CHAPTER 14: Bioactive Minor Egg Components
Published:01 May 2019
J. Gautron, N. Guyot, A. Brionne, and S. Réhault-Godbert, in Eggs as Functional Foods and Nutraceuticals for Human Health, ed. J. Wu, The Royal Society of Chemistry, 2019, pp. 259-284.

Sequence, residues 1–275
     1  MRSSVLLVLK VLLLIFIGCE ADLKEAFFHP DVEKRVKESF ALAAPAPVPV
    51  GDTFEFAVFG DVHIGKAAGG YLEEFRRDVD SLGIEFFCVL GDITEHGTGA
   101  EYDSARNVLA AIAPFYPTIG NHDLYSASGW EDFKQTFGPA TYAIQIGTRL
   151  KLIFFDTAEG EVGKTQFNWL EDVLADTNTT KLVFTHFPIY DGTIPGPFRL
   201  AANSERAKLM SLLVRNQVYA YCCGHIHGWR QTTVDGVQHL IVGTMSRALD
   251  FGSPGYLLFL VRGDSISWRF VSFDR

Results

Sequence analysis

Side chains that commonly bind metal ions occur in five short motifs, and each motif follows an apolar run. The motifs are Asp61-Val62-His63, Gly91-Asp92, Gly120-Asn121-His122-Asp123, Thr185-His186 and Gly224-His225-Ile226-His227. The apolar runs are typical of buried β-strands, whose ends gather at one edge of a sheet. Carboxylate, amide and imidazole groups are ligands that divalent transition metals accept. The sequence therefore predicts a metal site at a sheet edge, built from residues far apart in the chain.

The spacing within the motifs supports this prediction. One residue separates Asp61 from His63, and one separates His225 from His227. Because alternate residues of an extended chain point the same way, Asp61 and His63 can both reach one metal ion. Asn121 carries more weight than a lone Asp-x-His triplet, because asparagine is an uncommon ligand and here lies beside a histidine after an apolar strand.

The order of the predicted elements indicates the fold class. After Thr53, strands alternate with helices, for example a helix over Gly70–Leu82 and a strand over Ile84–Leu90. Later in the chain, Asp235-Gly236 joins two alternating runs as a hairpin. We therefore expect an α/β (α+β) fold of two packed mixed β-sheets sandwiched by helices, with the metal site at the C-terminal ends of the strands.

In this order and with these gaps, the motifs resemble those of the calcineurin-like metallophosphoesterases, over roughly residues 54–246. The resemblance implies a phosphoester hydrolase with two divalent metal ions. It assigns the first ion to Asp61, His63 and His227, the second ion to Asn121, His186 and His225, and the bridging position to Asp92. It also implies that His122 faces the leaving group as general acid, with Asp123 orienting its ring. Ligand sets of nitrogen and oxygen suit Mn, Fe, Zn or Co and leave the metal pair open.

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In the last 15 years, the development of functional genomics has increased the number of egg proteins identified from 50 to about 1300. These proteins are initially present in eggs to support a harmonious embryonic development. Consequently, this closed embryonic chamber contains molecules exhibiting diverse functions, including defense, nutrition and many predicted biological activities, which have been investigated using both bioinformatics and experimental investigations. In this chapter, we focus on some very interesting activities of high potential reported for minor egg proteins (excluding ovalbumin, ovotransferrin and lysozyme). The shell matrix proteins are involved in the calcification process to define and control the final texture of the shell and thereby its mechanical properties. Antimicrobial proteins are part of innate immunity and are mainly present in the white and vitelline membranes. They encompass several protein families, including protease inhibitors, vitamin-binding proteins, defensins, LBP-PLUNC family proteins and heparin-binding proteins. The egg also possesses additional bioactive proteins with direct anti-cancerous and antioxidant activities or whose biochemical properties are currently used to develop diagnostic tools and strategies for targeted therapy. Finally, this chapter also reports some emerging functions in tissue remodeling/wound healing and proposes some relevant bioactive candidates and research fields that would be interesting to investigate further.